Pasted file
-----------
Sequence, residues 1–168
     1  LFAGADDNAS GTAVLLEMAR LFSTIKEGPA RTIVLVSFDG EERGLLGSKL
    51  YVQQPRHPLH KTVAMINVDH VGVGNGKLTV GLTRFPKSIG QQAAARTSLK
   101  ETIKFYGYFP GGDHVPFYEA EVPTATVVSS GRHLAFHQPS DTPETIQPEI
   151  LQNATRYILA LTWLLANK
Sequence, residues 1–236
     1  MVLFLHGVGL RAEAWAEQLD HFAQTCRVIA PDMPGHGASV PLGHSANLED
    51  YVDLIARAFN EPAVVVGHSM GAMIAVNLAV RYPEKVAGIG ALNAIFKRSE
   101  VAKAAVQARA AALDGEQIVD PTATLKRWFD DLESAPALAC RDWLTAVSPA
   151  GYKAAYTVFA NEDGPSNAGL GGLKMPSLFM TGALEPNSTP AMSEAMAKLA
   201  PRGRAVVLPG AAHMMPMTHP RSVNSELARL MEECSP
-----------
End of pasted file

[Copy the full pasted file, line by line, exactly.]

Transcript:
Sequence, residues 1–168
     1  LFAGADDNAS GTAVLLEMAR LFSTIKEGPA RTIVLVSFDG EERGLLGSKL
    51  YVQQPRHPLH KTVAMINVDH VGVGNGKLTV GLTRFPKSIG QQAAARTSLK
   101  ETIKFYGYFP GGDHVPFYEA EVPTATVVSS GRHLAFHQPS DTPETIQPEI
   151  LQNATRYILA LTWLLANK
Sequence, residues 1–236
     1  MVLFLHGVGL RAEAWAEQLD HFAQTCRVIA PDMPGHGASV PLGHSANLED
    51  YVDLIARAFN EPAVVVGHSM GAMIAVNLAV RYPEKVAGIG ALNAIFKRSE
   101  VAKAAVQARA AALDGEQIVD PTATLKRWFD DLESAPALAC RDWLTAVSPA
   151  GYKAAYTVFA NEDGPSNAGL GGLKMPSLFM TGALEPNSTP AMSEAMAKLA
   201  PRGRAVVLPG AAHMMPMTHP RSVNSELARL MEECSP